An eco-tourism initiative in Bolivia featuring a route that retraces the last days of legendary revolutionary Ernesto “Che” Guevara and aiming to improve the lives of impoverished people, has been nominated for this year’s Guild of Travel Writers Award.
The project is supported by global humanitarian organisation CARE International, and funded by the UK’s Government Department for International Development (DFID) alongside the Bolivian Ministry of Tourism, with the aim of developing the remote Santa Cruz and Chuquisaca areas of south-eastern Bolivia.
This region, among the poorest in the country, is populated mostly by indigenous Guaraní farmers. It is here that Che Guevara and his guerrillas spent 11 months before being captured and killed by the authorities in October 1967.
"The objective is to create opportunities for impoverished local communities whose only means of sustainability has traditionally been agriculture. This project offers them an alternative, and a means of improving their quality of life," says Jacqueline Peña y Lillo, project manager for the Che Guevara Trail at CARE’s Bolivia office.
Since the trail’s inception, selected tour routes have been developed in the region that has changed little in the last 40 years, allowing the visitor to travel just as Che and his comrades did - by mule or on foot through rocky forested terrain – or in four wheel drive along unpaved roads.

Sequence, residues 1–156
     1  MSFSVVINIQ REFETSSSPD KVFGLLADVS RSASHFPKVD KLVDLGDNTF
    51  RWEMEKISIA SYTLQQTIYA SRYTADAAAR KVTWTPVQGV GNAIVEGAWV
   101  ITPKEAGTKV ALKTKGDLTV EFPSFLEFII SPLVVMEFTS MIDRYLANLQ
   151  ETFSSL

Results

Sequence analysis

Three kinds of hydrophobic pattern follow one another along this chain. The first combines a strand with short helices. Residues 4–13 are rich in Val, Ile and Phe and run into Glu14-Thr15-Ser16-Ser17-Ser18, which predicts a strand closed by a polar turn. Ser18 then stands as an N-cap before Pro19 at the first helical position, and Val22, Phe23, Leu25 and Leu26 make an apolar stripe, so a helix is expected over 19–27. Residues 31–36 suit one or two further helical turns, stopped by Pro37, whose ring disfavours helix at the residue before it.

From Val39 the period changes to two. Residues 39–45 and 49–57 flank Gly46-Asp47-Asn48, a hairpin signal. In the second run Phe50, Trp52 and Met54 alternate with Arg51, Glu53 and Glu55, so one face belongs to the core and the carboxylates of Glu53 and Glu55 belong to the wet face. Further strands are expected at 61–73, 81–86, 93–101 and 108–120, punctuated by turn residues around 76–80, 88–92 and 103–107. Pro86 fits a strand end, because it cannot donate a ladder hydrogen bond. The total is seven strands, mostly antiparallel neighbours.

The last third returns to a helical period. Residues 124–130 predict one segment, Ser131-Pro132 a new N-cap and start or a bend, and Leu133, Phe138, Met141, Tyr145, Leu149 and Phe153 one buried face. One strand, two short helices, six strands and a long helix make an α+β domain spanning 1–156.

The trail visits places of historical interest including the site of Che’s guerrilla camp, the school where he was finally captured and killed, and his former grave. Visitors will meet local people who met or travelled with Che.
The trail also includes a number of Guaraní villages, where visitors can learn about and sample local Guaraní culture, thereby supporting local livelihoods and bringing business to these isolated communities.
The opportunities created by the Che Guevara Trail include locally-run and owned simple lodges, cabins and campsites, restaurants, snack stands, small handicrafts businesses selling locally produced items, a Che Guevara Trail museum, transportation to the start of the trail, and employment for local guides providing cultural and historical information.
The objective is to retain the rugged appeal of the trail and minimise environmental impact. The income generated will contribute towards improving health and communication services in the area.
It is estimated that around 3,000 people will benefit directly and 12,000 indirectly through the development of the trail. “The local Guaraní people will play a key role in determining the future of the project, and in this way, promote self-empowerment.
All decisions relating to the trail will be made by local people themselves”, Ms Peña added. The trail will be officially launched by the Bolivian Ministry of Tourism on 8 October, 37 years to the day since Che was captured by the Bolivian Army and later executed. Media Contacts: